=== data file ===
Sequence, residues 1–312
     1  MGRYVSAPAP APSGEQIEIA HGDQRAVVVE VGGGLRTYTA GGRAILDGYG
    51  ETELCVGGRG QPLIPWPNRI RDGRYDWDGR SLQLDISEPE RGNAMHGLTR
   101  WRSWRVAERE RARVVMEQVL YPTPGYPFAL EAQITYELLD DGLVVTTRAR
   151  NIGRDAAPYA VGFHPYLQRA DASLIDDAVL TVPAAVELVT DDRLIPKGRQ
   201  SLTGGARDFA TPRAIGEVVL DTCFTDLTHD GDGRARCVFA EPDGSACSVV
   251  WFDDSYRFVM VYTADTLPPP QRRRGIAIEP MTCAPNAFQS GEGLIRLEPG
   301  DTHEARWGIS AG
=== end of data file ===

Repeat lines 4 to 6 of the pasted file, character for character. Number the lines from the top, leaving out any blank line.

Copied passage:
   101  WRSWRVAERE RARVVMEQVL YPTPGYPFAL EAQITYELLD DGLVVTTRAR
   151  NIGRDAAPYA VGFHPYLQRA DASLIDDAVL TVPAAVELVT DDRLIPKGRQ
   201  SLTGGARDFA TPRAIGEVVL DTCFTDLTHD GDGRARCVFA EPDGSACSVV